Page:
This week’s d’var Torah on parashat Pinchas.
The first time I heard the story of Pinchas was at a teen study session at Camp Harlam, the topic of which was “Sex and Violence in the Torah.” Once I’d heard it, I wasn’t surprised I hadn’t learned it in Religious School.
While Israelites are encamped at Shittim, the men fall into worshipping Baal-peor, the local Moabite deity, a practice that seems to involve “intimate encounters” with the Moabite women. God tells Moses to publicly impale the leaders of this rebellion, and Moses relays these instructions to the judges of Israel.
In the meantime, a prominent Israelite takes a Midianite woman to the entrance of the Tent of Meeting and “embraces” her in front of the entire community. Pinchas, a descendant of the high priest, takes a spear and stabs them both through the belly. This brings an end to the plague that had been ravaging the Israelites as a punishment for their apostasy.
In this week’s Torah portion, God praises Pinchas’ action: “ ‘I grant him my covenant of peace.’ It shall be for him and his descendants after him a pact of priesthood for all time, because his took impassioned action for his God, thus making expiation for the Israelites” (Num. 25:12-13).
While you might guess that this was a BIG hit with my teenage peers at the time, you could also imagine why I don’t regularly preach on it. It is difficult to connect to a story where the “good guy” is a vigilante. Pinchas serves as judge, jury, and executioner for the offenders. That’s not how we like to do business.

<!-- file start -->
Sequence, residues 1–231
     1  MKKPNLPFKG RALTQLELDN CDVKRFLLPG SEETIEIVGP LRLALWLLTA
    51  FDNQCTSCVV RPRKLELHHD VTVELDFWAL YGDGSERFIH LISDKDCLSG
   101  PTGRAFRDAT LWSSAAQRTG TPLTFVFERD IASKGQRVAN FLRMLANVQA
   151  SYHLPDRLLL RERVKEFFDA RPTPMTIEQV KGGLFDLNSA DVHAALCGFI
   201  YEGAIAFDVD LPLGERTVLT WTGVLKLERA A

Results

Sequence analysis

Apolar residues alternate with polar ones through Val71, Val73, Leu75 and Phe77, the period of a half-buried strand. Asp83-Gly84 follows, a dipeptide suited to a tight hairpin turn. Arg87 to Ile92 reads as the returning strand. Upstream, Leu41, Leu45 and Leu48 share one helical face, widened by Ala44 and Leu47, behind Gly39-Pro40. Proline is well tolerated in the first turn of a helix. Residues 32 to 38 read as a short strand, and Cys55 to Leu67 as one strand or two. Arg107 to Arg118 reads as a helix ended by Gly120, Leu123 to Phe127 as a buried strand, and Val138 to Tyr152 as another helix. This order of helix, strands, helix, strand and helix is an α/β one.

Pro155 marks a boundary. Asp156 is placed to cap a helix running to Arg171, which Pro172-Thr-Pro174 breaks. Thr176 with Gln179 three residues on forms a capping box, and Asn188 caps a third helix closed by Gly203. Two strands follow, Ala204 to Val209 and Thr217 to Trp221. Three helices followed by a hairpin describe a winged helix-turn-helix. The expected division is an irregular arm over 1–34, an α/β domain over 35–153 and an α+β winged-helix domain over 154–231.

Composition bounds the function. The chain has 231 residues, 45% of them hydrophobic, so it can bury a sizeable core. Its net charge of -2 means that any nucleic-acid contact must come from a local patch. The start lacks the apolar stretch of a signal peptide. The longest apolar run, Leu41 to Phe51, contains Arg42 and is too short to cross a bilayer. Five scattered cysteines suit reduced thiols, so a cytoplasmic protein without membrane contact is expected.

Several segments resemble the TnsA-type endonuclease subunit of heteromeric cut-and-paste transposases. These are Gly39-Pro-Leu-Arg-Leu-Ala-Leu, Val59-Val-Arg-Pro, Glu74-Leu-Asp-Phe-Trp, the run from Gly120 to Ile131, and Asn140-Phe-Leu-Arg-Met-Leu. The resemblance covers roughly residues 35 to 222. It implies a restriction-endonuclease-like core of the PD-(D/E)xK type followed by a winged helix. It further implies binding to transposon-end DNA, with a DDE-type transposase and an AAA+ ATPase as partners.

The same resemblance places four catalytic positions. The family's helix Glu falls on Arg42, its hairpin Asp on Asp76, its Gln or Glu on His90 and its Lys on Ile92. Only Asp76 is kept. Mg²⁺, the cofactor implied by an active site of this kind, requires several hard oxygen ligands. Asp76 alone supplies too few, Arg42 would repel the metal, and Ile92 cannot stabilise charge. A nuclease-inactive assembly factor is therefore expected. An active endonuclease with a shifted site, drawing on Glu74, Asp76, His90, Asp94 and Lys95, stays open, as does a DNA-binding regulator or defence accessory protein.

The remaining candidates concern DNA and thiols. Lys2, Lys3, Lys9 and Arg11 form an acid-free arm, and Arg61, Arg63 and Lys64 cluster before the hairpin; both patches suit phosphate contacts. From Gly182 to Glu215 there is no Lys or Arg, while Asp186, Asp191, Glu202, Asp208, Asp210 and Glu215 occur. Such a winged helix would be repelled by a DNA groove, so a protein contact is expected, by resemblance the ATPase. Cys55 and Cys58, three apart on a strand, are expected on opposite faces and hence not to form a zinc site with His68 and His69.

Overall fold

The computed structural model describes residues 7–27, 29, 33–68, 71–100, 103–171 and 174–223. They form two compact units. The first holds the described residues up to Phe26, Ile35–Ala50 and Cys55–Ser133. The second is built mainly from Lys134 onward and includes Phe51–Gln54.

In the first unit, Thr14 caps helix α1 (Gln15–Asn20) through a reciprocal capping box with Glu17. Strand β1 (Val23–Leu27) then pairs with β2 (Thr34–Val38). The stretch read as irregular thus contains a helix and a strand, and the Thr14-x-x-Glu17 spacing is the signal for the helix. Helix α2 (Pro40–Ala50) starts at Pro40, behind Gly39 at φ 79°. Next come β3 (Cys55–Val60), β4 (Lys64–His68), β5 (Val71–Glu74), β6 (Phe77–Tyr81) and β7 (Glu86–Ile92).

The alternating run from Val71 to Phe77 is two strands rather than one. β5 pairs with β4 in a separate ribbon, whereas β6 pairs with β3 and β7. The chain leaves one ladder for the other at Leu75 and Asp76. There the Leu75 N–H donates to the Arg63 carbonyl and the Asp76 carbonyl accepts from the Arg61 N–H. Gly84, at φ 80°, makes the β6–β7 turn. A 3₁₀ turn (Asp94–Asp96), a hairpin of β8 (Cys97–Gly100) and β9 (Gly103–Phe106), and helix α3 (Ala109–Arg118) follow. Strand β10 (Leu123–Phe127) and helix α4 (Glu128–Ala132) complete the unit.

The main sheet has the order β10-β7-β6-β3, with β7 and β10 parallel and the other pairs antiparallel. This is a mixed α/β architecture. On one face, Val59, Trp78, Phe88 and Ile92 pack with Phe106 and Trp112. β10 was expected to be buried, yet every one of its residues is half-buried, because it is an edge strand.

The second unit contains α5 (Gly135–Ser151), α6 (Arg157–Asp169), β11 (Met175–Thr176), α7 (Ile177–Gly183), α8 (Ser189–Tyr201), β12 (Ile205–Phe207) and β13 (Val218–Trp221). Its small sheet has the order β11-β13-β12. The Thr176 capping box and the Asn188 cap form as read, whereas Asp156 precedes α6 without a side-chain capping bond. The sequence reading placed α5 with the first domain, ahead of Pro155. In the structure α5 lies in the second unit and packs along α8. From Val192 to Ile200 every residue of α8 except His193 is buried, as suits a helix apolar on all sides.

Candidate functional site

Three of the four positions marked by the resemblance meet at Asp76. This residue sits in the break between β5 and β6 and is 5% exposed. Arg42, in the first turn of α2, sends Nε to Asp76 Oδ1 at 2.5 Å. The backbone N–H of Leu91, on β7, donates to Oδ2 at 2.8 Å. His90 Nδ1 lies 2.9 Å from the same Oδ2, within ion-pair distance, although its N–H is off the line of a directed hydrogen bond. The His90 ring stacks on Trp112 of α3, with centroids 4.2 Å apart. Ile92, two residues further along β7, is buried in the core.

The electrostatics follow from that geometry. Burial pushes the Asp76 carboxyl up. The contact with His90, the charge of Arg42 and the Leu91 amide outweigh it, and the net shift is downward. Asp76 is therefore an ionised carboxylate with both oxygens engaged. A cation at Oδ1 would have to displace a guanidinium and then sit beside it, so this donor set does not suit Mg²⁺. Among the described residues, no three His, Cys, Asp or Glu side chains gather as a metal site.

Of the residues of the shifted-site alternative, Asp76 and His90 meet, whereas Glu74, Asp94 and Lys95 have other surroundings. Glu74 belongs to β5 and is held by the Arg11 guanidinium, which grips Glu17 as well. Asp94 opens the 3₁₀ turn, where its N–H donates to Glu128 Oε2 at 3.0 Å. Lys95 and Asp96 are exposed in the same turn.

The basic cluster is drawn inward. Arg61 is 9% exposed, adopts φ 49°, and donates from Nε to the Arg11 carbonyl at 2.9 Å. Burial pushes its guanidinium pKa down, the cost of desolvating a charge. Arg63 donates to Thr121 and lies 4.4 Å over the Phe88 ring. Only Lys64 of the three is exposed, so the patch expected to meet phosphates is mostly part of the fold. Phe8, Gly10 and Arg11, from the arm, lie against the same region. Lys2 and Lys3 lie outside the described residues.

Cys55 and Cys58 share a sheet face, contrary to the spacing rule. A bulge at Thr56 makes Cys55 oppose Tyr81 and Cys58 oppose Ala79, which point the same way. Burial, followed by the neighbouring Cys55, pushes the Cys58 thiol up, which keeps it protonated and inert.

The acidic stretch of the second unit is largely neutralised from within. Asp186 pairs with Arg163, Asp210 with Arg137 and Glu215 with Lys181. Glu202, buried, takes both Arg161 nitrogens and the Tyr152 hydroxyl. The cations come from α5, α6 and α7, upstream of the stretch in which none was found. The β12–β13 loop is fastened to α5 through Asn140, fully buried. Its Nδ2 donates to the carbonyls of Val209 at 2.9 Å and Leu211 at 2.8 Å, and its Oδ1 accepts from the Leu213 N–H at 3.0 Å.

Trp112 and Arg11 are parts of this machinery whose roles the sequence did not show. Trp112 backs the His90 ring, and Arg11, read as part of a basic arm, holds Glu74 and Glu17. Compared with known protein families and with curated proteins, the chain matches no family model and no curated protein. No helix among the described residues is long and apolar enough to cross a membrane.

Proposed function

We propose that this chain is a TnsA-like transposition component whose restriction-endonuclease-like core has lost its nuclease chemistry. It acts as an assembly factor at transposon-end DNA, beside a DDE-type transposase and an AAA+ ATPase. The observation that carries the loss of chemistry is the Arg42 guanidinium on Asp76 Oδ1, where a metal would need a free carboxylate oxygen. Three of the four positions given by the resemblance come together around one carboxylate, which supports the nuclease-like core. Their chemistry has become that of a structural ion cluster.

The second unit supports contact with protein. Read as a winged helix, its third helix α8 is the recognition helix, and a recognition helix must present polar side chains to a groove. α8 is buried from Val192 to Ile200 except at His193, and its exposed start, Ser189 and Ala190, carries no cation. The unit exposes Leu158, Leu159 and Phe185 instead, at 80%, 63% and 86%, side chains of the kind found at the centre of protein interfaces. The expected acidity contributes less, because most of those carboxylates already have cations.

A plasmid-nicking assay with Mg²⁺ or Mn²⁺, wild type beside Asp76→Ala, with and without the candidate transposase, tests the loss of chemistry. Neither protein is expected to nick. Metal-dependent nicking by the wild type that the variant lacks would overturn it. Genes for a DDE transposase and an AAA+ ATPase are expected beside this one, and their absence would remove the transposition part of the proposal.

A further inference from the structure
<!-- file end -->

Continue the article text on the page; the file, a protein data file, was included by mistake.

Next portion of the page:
But when every single commentary I read this week was focused entirely on Pinchas, I realized that I couldn’t avoid this strange story any longer. In tackling the question of whether Pinchas should have been rewarded for his zealotry, we might also consider how our own anger can be directed towards righteous action.
One midrash supposes that Pinchas is rewarded for being decisive in response to a plague. The text suggests that Moses’ authority has been questioned in this moment, causing Moses to hesitate. It is Pinchas, therefore, who steps up to take action. “[This fact serves] to teach you that one must be as strong as a leopard and as swift as an eagle to do the will of the Creator” (Num. Rabbah 20:24).
Even modern rabbis see the value in quick and decisive action. Rabbi Shefa Gold writes, “The zealot is the one who acts fearlessly, without hesitation, without stopping to ask permission. He translates the yearnings and guidance of the heart into bold decisive action. When the zealot inside us is not honored and given a place of respect within us, we fall into complacency, ambivalence or paralysis” (Torah Journeys 160).
When zeal leads us to quick and decisive action, we might embrace it. But rabbis in every generation have struggled with the kind of action that Pinchas takes. Some even suggest that this so-called ‘covenant of peace’ that Pinchas receives is actually a backhanded compliment.
Rabbi Naftali Zvi Yehuda Berlin (19th century) says, “In reward for calming the anger and wrath of the Blessed Holy One… God blessed him with the attribute of peace, that he should not be quick-tempered or angry” (Held, The Heart of Torah Volume 2, p. 169).
In other words: while in this situation, vigilante justice might have been the divinely-sanctioned response, this kind of violence will not be the proper tool of leadership in every situation.